Then, you can analyze your business plan and say, “Okay, you know what?” Delivering to this wide of an area isn’t cost-effective for us. So, we’re going to decrease our delivery area. Or “…having this many stores isn’t cost-effective.”

So, we’re going to reduce the number of stores that we have. Or having our customer service team come in, isn’t cost-effective. We’re going to put them in a work-from-home program. So, it allows you to kind of analyze where you can cut costs…what you can fix in your business plan so that you can continue to survive during these uncertain times.

The Rise of Electricity

Higher gas prices may be a problem for some small businesses, but an opportunity for others. In this second interview with Small Biz Trends, Evan Singer, CEO of AI-Powered Powered Financial Platform SmartBiz, has some suggestions for how small businesses can meet that challenge and prosper.

Shawn Hessinger: So, Evan, let’s talk about the rise of electricity and how that can impact small businesses. Plus, how they can pivot in response to that.

Evan Singer: We’re certainly seeing that with the clients that we work with. For example, we have been helping service stations put in an electric module for electric charging. And as more and more consumers buy electric cars, service stations need some place for that person to charge.

And it’s interesting because often, if somebody is charging for 15-20 minutes, they’ll go inside, and they’ll buy additional food or other services. It ends up being a very profitable option for a service center.

But the modules are expensive. And we will often do equipment financing with a long term for someone to put that in. And they can finance the unit and drive up the amount of money that they make. It’s a very interesting pivot that we’re seeing happen out on the market.

Shawn Hessinger: What other small businesses might benefit from the rise of electricity?

Evan Singer: Beyond just service stations, we serve a lot of electricians and plumbers and contractors. And we will see those folks get additional capital to either bring on headcount or for their employees to put in units into people’s houses–for a large battery that somebody might put into their garage.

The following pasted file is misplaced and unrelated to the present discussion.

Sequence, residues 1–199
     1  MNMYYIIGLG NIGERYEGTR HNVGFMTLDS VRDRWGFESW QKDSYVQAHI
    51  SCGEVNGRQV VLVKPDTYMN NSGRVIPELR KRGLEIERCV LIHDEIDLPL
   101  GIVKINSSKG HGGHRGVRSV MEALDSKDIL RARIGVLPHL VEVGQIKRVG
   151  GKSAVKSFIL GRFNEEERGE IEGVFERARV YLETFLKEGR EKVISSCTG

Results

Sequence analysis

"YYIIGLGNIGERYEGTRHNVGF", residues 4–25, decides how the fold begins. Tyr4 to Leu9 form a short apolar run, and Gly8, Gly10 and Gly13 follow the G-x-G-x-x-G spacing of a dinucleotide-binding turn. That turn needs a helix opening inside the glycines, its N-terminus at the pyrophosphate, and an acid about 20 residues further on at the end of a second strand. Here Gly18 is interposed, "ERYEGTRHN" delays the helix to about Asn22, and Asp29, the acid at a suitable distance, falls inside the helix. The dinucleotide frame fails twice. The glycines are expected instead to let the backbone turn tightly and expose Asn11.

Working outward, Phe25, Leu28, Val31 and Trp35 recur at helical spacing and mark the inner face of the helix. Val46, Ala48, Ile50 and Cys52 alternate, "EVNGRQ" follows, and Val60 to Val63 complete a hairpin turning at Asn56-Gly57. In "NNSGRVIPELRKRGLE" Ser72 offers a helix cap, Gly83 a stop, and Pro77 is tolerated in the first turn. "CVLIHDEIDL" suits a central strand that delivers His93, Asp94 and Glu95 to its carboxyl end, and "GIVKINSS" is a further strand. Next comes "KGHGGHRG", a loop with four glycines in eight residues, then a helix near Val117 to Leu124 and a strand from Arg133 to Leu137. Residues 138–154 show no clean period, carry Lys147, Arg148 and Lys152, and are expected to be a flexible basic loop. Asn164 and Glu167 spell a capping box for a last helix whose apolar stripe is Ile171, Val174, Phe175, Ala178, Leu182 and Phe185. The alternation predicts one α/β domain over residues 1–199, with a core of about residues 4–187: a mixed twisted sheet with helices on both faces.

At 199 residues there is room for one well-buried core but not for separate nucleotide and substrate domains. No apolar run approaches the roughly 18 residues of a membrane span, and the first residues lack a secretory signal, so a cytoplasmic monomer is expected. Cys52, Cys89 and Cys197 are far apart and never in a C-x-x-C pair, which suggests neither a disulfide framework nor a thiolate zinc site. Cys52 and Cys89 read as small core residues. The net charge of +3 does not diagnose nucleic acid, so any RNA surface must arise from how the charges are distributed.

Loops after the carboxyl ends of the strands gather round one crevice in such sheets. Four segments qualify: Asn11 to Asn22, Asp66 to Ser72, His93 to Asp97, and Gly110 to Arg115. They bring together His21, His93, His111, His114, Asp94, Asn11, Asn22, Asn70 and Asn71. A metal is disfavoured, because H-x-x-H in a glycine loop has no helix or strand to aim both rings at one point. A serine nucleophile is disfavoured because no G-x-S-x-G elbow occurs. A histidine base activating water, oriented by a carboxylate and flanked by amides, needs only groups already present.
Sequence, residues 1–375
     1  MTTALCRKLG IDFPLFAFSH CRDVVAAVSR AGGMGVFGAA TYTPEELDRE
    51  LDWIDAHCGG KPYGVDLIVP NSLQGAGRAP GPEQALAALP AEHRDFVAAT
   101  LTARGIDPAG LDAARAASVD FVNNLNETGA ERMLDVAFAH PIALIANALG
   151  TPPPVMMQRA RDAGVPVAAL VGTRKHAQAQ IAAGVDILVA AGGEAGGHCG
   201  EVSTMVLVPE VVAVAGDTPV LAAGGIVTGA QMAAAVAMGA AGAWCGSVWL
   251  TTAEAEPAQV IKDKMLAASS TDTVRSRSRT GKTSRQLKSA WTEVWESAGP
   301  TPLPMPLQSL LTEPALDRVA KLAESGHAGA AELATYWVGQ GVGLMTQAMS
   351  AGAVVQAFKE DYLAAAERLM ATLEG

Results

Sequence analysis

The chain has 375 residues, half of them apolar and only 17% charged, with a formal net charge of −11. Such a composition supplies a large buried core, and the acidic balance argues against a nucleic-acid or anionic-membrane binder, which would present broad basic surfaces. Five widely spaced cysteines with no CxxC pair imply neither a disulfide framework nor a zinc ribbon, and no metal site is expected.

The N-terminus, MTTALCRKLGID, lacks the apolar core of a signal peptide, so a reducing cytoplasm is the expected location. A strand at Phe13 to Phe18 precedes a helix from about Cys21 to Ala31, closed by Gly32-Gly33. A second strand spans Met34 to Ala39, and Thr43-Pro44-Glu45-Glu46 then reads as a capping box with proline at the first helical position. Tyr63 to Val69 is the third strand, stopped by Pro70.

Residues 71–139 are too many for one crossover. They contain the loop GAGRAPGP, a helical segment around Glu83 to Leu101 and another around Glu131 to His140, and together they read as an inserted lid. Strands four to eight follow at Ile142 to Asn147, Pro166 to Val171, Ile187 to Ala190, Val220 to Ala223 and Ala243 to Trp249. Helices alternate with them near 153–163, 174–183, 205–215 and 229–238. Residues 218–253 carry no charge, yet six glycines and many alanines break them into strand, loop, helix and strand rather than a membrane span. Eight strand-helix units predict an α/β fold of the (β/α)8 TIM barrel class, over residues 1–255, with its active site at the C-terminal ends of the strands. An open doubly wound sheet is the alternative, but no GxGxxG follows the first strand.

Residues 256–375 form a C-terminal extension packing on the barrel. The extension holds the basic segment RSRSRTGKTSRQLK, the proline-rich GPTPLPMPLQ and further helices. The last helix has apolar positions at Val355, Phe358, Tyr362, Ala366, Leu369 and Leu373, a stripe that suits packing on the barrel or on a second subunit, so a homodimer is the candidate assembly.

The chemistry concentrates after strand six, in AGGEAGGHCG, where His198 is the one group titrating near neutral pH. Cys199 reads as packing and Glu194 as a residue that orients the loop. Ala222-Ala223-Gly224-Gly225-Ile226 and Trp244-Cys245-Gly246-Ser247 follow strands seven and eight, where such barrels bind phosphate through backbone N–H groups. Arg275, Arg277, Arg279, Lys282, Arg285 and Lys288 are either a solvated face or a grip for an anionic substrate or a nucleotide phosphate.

They’ll hire a contractor, an electrician, to put that unit in. And so that electrician may need to hire a couple of people, and they’ll use funds from an SBA or a bank loan that we’ve helped them get to get the right personnel to do that job.

Shawn Hessinger: What kind of financing options can you help businesses deal with, I guess, not only rising gas prices but rising prices in general?

Evan Singer: What we do at SmartBiz is to really help businesses get the right financing at the right time. It’s often looking at, not just interest rates, but also the term of loans. We’re finding, especially in these times, that getting a low monthly payment can really help.

We specialize in helping businesses get bank loans and, in particular, SBA loans, with some of the longest terms out there. But finding loans with a low monthly payment can give businesses maximum flexibility. And in these, I’d say, more turbulent times, getting that maximum flexibility can really help.

Shawn Hessinger: What are some ways that small businesses are affected by gas prices beyond just what they’re paying at the pump? And then how can they work to control factors that go beyond just how much gas they’re actually using?

Evan Singer: Gas price increases affect everything, especially from a supply chain standpoint. So, you’re right, it’s not just about driving to that pump and going to work. It’s affecting the entire supply chain, which drives up prices. If that particular small business has clients and customers that come to their location, it affects how much money is in those people’s pockets.

As far as what folks can do to kind of help make that better, we talked about a few around getting some incremental financing that can help withstand the pressure.

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This article, “Small Businesses Dealing with Higher Gas Prices” was first published on Small Business Trends

Source: Small Business Trends